Write On! Indie Book Reviews #5 Girl Power Edition

   Before I begin my long overdue review segment, I'd like to take a moment to explain my review process. All of the books you see here have earned a minimum of four stars from me. All were books that I read because I thought I would enjoy them. I write this segment to bring attention to indie published books that I enjoyed and feel others who like to read genre fiction will enjoy. Though I make the occasional exceptions, my reviews are mainly of science fiction and fantasy books written by female authors. 
    I don't take submissions for reviews. Nor do I write reviews for books that I don't like. I'm the kind of person who either loves something or hates it. I rarely find much use for the three star rating and the reason I don't write one or two star reviews is simple self preservation. I am an author and rather than find myself the target of a retaliation review, I prefer to quietly forget the books I didn't love.

   Now that the particulars and disclaimers are out of the way, on to the reviews! The following books are all about as different from one another as books in the SciFi/Fantasy category can be, but they all have one thing in common: strong female leads who kick some serious behind. Let's begin our adventure.

Double Life (Razia Book #1) by S. Usher Evans
   If words like space pirate and bounty hunter don't already get your blood pumping, you can't sit at my nerd table anymore. Well okay, you can, but read this book first.
   Razia is a space pirate. Lyssa is a scientist. Razia is Lyssa, but shhh... That's the secret. Double life is set in a space faring world that is in some ways reminiscent of the Star Wars galaxy. It has the aforementioned pirates, multiple habitable planets that can be traveled to and from via space ship, as well as an academy, a system of intergalactic law, and a mysterious religion that centers around a swirling vortex and a river of fire.
  Razia is something of a cranky loner with major trust issues. She's the only female pirate in the known universe and as such, is the least respected. It does not help that she comes from the ultimate dysfunctional family and has lost nearly everything she has held dear.
   The story itself is an action packed space adventure. Razia is snarky and sarcastic, yet completely likable and easy to root for. The supporting characters, both those within the story and those we only hear tales of, are well developed and add a lot to the overall plot.
   In many ways, Double Life parallels our own patriarchal society, but it does so while telling a great story. In just a few weeks, the author, S. Usher Evans, will be a guest on this blog and will have some additional insight into this and many other aspects of how Razia came into being.
   Double Life is currently free, so you've no excuse for not reading. Alliances, the second book in the series, is currently available for preorder. I had the pleasure of reading an advanced copy and all I can say at the moment is that it is even better than the first, so get reading!

   I've often said that what I love about indie books is that we aren't limited to what some marketing department at some publishing house think will make money. Nica is one of those books that defies genre norms and takes the reader on an epic journey.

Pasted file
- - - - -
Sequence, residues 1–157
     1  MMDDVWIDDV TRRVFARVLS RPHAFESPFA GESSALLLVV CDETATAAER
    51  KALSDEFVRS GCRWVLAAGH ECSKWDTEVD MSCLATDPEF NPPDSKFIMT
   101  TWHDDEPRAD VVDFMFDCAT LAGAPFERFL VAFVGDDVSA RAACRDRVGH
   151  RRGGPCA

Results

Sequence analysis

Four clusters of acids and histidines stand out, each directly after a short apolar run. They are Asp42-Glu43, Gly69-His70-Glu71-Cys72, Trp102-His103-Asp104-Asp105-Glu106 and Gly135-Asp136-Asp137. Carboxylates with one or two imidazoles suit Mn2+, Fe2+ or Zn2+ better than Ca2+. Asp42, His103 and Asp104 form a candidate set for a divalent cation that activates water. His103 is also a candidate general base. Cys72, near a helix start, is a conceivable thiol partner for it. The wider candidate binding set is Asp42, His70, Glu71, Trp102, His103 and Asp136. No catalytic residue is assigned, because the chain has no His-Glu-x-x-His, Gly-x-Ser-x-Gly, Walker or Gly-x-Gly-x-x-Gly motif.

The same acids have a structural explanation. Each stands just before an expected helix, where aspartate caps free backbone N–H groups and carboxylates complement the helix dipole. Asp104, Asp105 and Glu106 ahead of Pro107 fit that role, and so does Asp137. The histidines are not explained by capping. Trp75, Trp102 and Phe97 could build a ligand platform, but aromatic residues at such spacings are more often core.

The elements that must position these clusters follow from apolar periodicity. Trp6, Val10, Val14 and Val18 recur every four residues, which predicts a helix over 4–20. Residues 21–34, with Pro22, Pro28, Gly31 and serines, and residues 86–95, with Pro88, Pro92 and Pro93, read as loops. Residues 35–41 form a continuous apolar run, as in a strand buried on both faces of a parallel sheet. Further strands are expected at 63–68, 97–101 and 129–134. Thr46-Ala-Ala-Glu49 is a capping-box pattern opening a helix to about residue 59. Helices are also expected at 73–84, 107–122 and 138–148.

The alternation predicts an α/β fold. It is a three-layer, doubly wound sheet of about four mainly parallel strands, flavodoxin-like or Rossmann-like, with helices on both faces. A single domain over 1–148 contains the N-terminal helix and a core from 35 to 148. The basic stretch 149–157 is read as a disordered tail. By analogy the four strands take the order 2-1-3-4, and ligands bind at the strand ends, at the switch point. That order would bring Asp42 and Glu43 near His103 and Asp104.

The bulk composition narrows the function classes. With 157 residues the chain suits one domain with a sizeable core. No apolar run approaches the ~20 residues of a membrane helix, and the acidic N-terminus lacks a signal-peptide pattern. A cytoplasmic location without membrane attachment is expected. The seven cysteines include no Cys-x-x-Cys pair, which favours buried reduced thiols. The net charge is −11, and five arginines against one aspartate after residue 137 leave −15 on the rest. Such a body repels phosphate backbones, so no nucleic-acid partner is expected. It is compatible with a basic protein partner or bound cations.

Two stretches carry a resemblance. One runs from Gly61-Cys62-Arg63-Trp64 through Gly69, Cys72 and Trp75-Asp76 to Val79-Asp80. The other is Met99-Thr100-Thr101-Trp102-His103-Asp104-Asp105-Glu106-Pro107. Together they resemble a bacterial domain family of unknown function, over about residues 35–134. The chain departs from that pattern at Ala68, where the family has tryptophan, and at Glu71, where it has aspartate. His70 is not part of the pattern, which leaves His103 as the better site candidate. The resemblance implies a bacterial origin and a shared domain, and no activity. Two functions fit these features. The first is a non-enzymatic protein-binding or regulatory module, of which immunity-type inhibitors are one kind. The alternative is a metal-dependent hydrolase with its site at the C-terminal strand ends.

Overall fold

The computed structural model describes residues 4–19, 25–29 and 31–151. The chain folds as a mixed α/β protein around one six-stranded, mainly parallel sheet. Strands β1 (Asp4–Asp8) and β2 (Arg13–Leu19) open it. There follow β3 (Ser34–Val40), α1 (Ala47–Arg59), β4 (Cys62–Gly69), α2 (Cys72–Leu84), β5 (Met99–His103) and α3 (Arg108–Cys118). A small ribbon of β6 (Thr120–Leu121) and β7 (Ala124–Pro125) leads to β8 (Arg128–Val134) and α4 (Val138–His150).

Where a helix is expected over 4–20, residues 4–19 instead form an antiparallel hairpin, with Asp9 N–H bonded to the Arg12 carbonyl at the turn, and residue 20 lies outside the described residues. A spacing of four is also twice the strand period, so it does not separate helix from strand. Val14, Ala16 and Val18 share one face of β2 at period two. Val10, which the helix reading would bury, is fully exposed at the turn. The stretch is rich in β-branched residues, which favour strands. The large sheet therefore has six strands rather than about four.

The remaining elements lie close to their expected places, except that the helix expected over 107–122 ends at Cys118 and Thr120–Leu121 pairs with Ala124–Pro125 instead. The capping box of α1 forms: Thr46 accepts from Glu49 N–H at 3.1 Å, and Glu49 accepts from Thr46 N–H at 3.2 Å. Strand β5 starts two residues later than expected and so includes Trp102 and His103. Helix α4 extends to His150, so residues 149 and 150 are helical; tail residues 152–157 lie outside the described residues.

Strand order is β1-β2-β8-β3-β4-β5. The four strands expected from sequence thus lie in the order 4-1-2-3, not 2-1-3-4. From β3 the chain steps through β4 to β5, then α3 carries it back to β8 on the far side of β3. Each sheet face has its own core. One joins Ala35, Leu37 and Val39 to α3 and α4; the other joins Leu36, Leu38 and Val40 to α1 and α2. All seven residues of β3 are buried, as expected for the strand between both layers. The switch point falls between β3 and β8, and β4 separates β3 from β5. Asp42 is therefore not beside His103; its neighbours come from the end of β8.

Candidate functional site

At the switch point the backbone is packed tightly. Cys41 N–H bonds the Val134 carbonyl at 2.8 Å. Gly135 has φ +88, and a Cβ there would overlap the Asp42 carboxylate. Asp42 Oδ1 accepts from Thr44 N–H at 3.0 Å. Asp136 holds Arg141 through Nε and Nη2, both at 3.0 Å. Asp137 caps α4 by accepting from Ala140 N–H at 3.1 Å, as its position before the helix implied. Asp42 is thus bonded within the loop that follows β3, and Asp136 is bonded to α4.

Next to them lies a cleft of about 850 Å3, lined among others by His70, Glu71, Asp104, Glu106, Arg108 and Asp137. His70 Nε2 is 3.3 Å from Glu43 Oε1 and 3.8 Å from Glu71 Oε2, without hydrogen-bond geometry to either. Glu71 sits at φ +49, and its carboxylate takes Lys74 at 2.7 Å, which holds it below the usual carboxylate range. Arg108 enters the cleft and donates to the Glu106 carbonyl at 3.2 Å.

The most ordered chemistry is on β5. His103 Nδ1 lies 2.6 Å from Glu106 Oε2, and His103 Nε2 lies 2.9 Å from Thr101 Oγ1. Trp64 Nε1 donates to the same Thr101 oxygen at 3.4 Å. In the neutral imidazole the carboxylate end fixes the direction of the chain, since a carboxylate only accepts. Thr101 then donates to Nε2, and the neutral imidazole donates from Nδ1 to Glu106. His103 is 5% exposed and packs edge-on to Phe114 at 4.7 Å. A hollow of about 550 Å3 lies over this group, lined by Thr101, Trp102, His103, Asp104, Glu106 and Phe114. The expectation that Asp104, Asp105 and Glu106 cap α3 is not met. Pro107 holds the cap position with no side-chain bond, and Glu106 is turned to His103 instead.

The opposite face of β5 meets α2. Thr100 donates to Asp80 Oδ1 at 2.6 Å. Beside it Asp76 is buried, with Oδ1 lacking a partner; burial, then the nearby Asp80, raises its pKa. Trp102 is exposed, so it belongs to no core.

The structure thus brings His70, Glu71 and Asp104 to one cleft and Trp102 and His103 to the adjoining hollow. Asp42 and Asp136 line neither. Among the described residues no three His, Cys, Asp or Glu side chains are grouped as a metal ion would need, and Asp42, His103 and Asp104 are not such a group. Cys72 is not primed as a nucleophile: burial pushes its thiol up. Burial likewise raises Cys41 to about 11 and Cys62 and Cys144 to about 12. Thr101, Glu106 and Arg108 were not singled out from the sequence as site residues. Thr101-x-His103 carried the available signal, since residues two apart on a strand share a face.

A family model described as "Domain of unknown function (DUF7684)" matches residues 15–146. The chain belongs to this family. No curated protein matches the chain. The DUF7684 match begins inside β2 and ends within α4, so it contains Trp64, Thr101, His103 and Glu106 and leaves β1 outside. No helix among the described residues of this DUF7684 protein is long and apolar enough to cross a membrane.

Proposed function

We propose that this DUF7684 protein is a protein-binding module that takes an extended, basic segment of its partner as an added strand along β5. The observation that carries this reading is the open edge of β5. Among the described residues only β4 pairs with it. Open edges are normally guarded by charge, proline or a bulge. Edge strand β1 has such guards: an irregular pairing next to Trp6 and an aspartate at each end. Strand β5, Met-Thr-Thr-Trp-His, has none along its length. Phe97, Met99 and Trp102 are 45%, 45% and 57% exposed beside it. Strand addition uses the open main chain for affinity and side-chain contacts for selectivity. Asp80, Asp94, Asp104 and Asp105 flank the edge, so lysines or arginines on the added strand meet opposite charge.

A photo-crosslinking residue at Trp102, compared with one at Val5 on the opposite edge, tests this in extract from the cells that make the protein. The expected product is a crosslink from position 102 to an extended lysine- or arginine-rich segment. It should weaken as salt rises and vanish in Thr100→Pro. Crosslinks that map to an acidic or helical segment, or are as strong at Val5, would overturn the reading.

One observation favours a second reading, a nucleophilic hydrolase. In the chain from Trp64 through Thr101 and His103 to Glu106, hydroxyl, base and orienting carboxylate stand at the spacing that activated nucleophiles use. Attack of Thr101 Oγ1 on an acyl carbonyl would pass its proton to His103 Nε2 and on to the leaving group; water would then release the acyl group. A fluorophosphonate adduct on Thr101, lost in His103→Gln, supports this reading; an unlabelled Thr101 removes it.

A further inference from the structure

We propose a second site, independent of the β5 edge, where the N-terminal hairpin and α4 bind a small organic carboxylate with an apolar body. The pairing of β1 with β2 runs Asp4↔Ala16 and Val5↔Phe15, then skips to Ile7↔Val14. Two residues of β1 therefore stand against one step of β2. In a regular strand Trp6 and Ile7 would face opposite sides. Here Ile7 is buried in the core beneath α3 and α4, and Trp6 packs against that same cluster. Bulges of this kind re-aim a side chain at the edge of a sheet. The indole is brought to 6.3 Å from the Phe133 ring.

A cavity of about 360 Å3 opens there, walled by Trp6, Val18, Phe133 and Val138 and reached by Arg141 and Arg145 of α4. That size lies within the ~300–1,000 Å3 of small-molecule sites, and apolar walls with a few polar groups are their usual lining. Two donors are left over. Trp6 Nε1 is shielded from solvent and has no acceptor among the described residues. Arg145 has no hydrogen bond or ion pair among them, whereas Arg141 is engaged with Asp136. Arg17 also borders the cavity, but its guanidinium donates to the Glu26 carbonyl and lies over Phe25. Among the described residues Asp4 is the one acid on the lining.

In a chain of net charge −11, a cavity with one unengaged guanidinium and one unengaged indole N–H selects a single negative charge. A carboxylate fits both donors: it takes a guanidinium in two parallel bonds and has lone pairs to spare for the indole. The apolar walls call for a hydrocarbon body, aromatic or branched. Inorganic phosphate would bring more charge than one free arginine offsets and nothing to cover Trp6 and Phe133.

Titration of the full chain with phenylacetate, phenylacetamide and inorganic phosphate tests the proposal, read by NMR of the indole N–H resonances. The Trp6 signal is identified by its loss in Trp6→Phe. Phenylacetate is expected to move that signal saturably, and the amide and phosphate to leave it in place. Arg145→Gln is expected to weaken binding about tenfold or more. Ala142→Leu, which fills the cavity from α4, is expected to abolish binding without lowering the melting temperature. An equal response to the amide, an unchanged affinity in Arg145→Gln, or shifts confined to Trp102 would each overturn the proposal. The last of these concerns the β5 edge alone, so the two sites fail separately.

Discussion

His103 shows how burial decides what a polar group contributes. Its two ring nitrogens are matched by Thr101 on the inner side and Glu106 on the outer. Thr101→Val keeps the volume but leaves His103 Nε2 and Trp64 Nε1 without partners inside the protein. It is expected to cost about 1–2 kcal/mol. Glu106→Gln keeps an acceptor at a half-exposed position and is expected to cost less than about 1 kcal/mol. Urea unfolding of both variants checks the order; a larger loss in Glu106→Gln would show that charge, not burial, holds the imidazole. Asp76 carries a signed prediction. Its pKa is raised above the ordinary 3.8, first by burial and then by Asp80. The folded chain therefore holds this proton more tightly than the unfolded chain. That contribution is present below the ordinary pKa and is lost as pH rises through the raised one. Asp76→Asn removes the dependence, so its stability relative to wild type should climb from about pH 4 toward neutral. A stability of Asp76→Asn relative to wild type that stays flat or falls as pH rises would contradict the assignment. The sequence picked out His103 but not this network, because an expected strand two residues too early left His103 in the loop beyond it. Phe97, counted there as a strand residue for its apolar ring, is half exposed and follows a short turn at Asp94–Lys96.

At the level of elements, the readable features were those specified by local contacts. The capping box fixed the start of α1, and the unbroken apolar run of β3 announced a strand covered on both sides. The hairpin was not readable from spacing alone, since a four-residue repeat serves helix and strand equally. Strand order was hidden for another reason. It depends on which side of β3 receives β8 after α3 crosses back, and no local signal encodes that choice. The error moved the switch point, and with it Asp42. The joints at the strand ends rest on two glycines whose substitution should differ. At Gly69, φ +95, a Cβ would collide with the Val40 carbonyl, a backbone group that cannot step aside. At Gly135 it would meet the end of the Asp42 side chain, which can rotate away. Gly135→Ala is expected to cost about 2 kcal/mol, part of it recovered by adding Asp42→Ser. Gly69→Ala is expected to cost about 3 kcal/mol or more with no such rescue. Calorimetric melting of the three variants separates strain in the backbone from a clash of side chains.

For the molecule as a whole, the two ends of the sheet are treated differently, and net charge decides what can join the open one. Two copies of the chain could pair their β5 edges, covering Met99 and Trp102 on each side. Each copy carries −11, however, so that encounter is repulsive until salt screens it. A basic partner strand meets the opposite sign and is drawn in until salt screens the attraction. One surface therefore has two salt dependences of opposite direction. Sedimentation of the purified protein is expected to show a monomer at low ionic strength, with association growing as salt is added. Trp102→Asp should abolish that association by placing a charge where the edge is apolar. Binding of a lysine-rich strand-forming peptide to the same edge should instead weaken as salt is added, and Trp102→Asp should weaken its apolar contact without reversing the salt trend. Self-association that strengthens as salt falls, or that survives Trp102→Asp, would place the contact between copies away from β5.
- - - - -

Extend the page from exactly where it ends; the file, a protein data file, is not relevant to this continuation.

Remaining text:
Nica S.T.A.T.I.C. (yes, that's her last name. It's complicated) is a private investigator who doesn't let anything stand in her way, including things like obtaining a private investigator's license or a permanent address. From the onset, this reads like a pulp detective novel with a twenty first century update, but soon it delves into the weird. Nica is approached by two strangers who hire her for a very different type of job and suddenly she learns that our world is just one frame in a limitless series of parallel worlds. In these other worlds, inanimate objects are animated and have lives of their own.
   The tone of the story is light, humorous in a way that is both high and low brow at the same time. The way Nica 'hears' the unpronounceable names from the other frames is hilarious. No word yet on when the next book will come out, but this one has a defined enough ending that even if you are like me and hate waiting, you can read this book without feeling unfulfilled.
   Once again, I'm breaking my boys have cooties rule to bring you a book by an author who doesn't belong to the girl's club. And in the girl power edition, of all things!  Yeah, I know. And I know what you're thinking. That I'm partial to the series title. Well, okay, fine, I am. As it turns out, the author picked the name because of a Tom Jones song that came out around the same time as the movie that inspired me to call my vampire cult the Daughters of Darkness.
   Silverblood Demons is an urban fantasy story steeped in demon mythology. It opens with Kylar, a young man who is having some highly realistic dreams of a certain nature. It turns out those dreams weren't so much dreams as they were visits from a lovely little she-demon and surprise! Poor 23 year old Kylar finds out that he's the proud father of three teenage daughters who reside in Hell.
   So, why am I writing a review about this book when clearly it's about a dude and written by a dude? Because it's really not about Kylar at all. This is just the first chapter. The real stars of this book are Kylar's daughters. They, along with his ex girlfriend, are the ones who really set in motion the plan to open the gates of Hell and free the thousands of young girls who have been trapped there for, obviously, nefarious reasons.  
   Even though the bulk of the story takes place in Hell, the tone is light and the humor is weird. This is another one that doesn't yet have a release date for the next book, but the story is self contained and enjoyable on its own.


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